Due to the many reports and complaints received, the Action Committee decided to categorise them into two categories:

1. Main Violations

These are violations that would affect the legality of the election itself and render the entire election defective and therefore null. On this basis alone, there would be no further need to even go into the individual complaints as any other transgressions in an election that, to start of with, is illegal, would make it purely academic.

2. Individual Cases

These are complaints received from various individuals all over Malaysia. These complaints certainly affect that particular individual’s right to vote (or to vote freely) but may or may not affect the election as a whole.

The list of individual complaints compiled to date is quite substantial but are by no means comprehensive as there are more. These few incidences backed by testimonies of witnesses and/or documentary evidence, which the Action Committee was able to procure in the short space of time, merely serve to demonstrate the authenticity of these complaints and to prove that they are genuine and did occur. 

MAIN VIOLATIONS

Amongst the complaints about main violations received by the Action Committee are the following:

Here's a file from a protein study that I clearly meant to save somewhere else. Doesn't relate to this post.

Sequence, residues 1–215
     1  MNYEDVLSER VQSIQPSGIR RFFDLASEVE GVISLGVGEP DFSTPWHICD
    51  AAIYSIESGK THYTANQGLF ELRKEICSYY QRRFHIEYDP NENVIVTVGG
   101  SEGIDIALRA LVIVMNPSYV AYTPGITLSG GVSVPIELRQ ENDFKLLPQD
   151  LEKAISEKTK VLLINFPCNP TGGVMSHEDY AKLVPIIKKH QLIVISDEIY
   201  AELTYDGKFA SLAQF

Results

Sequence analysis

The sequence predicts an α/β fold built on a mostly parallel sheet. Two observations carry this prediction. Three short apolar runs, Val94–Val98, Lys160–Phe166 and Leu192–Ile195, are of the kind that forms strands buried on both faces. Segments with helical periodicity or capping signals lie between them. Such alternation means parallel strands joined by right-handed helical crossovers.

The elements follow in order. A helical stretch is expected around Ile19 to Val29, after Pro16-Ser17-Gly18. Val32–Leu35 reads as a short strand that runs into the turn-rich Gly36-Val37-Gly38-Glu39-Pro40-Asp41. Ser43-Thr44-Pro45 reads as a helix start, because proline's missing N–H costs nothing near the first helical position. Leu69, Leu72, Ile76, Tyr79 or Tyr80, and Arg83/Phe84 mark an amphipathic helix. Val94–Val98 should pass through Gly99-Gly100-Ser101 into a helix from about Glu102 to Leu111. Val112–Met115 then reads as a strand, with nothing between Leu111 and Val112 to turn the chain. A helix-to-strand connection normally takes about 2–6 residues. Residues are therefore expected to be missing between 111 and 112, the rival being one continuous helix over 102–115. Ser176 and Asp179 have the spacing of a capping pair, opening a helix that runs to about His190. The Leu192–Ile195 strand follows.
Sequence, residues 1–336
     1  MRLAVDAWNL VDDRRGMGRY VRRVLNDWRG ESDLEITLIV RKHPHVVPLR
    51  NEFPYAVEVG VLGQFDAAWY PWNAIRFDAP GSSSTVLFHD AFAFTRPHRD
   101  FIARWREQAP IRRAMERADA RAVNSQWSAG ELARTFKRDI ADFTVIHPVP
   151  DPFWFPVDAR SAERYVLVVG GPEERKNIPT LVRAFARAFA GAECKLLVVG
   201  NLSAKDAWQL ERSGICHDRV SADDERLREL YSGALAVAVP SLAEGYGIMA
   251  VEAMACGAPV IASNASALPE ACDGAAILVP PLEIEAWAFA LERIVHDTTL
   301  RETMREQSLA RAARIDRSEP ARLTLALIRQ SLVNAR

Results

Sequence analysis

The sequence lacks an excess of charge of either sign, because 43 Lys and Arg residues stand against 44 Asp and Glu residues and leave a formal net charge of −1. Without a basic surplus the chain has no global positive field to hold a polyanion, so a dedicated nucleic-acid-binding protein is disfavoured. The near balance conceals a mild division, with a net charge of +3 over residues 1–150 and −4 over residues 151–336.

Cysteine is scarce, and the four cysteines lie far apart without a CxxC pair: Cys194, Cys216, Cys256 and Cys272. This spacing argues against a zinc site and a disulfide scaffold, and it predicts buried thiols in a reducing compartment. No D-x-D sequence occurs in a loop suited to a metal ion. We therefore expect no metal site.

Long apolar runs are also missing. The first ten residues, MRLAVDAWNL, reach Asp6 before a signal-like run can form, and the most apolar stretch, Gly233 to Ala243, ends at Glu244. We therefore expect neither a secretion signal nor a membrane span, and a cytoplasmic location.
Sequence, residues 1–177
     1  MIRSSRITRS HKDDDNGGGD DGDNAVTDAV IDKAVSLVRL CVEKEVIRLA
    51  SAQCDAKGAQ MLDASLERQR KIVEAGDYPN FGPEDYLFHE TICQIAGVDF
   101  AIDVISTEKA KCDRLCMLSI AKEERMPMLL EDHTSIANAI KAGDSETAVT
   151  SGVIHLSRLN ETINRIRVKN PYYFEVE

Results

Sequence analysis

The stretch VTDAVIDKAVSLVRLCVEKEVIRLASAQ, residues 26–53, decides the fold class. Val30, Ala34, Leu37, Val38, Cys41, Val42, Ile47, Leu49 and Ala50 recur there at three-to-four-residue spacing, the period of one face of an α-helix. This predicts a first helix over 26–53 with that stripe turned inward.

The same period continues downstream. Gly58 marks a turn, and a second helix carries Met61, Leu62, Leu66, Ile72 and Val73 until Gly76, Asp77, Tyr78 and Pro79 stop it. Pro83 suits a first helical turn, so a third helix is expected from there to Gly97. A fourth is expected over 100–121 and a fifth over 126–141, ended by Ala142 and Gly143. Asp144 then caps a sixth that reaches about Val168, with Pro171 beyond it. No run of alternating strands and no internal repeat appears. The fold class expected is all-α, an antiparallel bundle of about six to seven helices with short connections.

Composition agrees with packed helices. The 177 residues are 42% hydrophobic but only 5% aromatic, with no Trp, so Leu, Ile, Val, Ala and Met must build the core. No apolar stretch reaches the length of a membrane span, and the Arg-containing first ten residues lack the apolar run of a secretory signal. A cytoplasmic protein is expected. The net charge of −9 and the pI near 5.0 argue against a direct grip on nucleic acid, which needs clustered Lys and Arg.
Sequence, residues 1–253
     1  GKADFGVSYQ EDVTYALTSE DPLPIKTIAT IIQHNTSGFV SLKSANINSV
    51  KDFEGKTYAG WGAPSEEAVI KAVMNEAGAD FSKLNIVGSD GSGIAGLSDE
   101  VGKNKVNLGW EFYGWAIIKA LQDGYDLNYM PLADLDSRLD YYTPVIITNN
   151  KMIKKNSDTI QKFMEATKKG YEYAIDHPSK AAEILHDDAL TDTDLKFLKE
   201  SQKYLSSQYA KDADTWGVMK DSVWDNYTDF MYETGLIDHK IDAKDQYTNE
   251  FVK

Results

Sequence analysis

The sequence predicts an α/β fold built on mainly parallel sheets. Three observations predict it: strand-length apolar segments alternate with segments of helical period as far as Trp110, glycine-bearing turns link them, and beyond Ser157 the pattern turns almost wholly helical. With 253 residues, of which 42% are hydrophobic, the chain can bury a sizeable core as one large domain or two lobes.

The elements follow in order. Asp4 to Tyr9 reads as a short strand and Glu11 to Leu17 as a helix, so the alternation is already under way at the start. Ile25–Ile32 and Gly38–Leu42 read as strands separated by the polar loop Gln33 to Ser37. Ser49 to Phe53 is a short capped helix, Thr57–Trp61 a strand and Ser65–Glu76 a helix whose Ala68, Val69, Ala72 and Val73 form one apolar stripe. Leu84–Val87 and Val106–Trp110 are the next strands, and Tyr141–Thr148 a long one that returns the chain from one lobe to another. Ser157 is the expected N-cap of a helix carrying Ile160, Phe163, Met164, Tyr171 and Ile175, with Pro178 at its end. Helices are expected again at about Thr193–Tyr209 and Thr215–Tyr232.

1. Extension of polling hours for the State of Selangor

The time, date and place (for each and every polling station) for the 11th General Election had already been gazetted before Polling Day, and as such polling must be held only within the gazetted time, date and place. It is crucial that not only the time and date, but the place as well, must be gazetted so that the Elections Commission (EC) can enforce the election rules and laws.

For the State of Selangor, however, the polling hours were suddenly extended to 7.00 pm. Further to that, this was not done in writing or supported by a proper and authorised document but was merely conveyed by phone or SMS to the returning officers on duty, or in some cases through the police personnel at the centres via walkie-talkie. In most cases, the extension was conveyed close to 5.00 pm and in some a few minutes AFTER 5.00 pm -- after the ballot box had already been sealed, which necessitated the seal be broken in order to resume the voting process.